With tongue firmly in cheek, Scott Doyon asks urban dwellers, "Are your enviable surroundings crippling the children?"
"I live in a traditional town and am surrounded daily by anecdotal evidence reinforcing my cities-are-good-for-kids instincts, not just with my own child but with other kids too. But then I started thinking: I wonder if there are aspects of modern life, routinely accepted as normal, that my child won’t be prepared for."
Scott Doyon gets caustic as he gives some examples of what kids raised in walkable neighborhoods may have trouble dealing with when they grow up:
- She may suck at getting to places on time.
- She may be a terrible driver.
- She may be devastated by saying goodbye.
- She may fail to realize that services often cost money.
- She may be dumbfounded to find that some people think separating jobs, shops, parks, services and churches from where they live is a good idea.
It's not Friday. But it is funny. And sad, all at once.
Indiana Once Again Considering Ban on Dedicated Transit Lanes
The proposed legislation would impact the construction of planned IndyGo Blue Line, the third phase of the city’s bus rapid transit system.
LA Freeway Ramp ‘Quietly Canceled’
A 2018 lawsuit forced Metro and Caltrans to do full environmental reviews of the project, leading to its cancellation.
LA’s ‘Spongy’ Infrastructure Captured Almost 9 Billion Gallons of Water
The city is turning away from stormwater management practices that shuttle water to the ocean, building infrastructure that collects and directs it underground instead.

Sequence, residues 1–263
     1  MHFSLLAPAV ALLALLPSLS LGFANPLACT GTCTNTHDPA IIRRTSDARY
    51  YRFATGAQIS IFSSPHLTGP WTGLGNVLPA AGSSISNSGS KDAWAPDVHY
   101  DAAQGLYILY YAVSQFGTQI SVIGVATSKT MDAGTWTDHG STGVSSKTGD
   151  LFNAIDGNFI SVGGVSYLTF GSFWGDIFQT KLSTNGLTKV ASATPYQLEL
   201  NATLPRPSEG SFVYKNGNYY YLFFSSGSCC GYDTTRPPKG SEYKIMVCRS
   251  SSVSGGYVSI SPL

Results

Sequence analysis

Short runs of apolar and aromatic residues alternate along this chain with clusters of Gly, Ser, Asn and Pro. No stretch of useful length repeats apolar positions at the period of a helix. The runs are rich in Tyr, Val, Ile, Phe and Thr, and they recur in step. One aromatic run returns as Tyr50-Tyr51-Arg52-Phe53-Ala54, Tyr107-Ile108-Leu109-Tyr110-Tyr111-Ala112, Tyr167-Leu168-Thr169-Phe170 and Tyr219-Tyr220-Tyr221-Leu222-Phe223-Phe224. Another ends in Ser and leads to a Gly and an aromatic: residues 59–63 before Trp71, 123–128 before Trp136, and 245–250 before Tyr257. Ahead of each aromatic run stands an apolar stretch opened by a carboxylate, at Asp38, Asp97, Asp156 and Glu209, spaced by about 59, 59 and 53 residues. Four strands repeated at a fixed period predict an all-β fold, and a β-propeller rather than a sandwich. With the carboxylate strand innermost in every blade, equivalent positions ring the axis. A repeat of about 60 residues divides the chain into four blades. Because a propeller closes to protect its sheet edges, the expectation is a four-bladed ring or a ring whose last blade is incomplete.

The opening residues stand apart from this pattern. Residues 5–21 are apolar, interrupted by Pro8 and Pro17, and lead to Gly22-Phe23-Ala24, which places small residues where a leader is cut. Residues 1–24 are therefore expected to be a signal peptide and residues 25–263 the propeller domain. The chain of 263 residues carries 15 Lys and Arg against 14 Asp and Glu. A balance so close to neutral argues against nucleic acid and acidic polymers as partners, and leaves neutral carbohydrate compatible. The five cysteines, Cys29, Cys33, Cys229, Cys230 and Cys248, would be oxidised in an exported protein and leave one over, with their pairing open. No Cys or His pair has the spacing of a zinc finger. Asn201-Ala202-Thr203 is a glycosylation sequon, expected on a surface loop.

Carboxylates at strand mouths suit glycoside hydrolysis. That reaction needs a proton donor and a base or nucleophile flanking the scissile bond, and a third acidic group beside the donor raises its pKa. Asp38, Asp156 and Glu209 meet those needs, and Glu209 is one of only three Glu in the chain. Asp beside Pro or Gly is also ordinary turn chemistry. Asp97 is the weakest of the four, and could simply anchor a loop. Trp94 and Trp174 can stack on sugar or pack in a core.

Micromobility Operators Call for Better Links to Transit
For shared mobility to succeed, systems must tap into the connectivity and funding potential offered by closer collaboration with public transit.
Retaining Transit Workers Is About More Than Wages
An analysis of California transit employees found a high rate of burnout among operators who face unpredictable work schedules, high housing costs, and occasional violence.
California's Stormwater Potential
A new study reveals that if California could collect and treat more stormwater in cities, it could provide enough water to supply a quarter of the state’s urban population.
Tufts University Department of Urban and Environmental Policy and Planning
City of Grand Forks, North Dakota
City of Birmingham, Alabama
City of Laramie, Wyoming
Colorado Department of Local Affairs
This six-course series explores essential urban design concepts using open source software and equips planners with the tools they need to participate fully in the urban design process.